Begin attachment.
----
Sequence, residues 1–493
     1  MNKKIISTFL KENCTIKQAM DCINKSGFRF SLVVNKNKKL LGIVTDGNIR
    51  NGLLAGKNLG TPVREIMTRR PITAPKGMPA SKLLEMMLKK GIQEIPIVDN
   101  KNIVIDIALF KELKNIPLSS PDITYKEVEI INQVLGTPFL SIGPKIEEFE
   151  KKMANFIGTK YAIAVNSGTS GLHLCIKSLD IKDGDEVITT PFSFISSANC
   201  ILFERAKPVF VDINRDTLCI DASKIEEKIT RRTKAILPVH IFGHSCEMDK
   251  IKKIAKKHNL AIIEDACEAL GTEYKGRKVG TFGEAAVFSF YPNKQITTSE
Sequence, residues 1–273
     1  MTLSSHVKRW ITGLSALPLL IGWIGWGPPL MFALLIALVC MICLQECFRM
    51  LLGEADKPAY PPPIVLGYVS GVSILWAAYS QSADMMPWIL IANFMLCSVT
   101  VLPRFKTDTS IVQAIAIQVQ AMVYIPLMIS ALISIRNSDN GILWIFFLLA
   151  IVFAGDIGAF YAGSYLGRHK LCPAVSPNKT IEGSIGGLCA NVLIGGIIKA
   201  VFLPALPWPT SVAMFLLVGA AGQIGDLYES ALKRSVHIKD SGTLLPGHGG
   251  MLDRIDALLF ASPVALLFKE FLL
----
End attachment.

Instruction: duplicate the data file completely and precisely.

Sequence, residues 1–493
     1  MNKKIISTFL KENCTIKQAM DCINKSGFRF SLVVNKNKKL LGIVTDGNIR
    51  NGLLAGKNLG TPVREIMTRR PITAPKGMPA SKLLEMMLKK GIQEIPIVDN
   101  KNIVIDIALF KELKNIPLSS PDITYKEVEI INQVLGTPFL SIGPKIEEFE
   151  KKMANFIGTK YAIAVNSGTS GLHLCIKSLD IKDGDEVITT PFSFISSANC
   201  ILFERAKPVF VDINRDTLCI DASKIEEKIT RRTKAILPVH IFGHSCEMDK
   251  IKKIAKKHNL AIIEDACEAL GTEYKGRKVG TFGEAAVFSF YPNKQITTSE
Sequence, residues 1–273
     1  MTLSSHVKRW ITGLSALPLL IGWIGWGPPL MFALLIALVC MICLQECFRM
    51  LLGEADKPAY PPPIVLGYVS GVSILWAAYS QSADMMPWIL IANFMLCSVT
   101  VLPRFKTDTS IVQAIAIQVQ AMVYIPLMIS ALISIRNSDN GILWIFFLLA
   151  IVFAGDIGAF YAGSYLGRHK LCPAVSPNKT IEGSIGGLCA NVLIGGIIKA
   201  VFLPALPWPT SVAMFLLVGA AGQIGDLYES ALKRSVHIKD SGTLLPGHGG
   251  MLDRIDALLF ASPVALLFKE FLL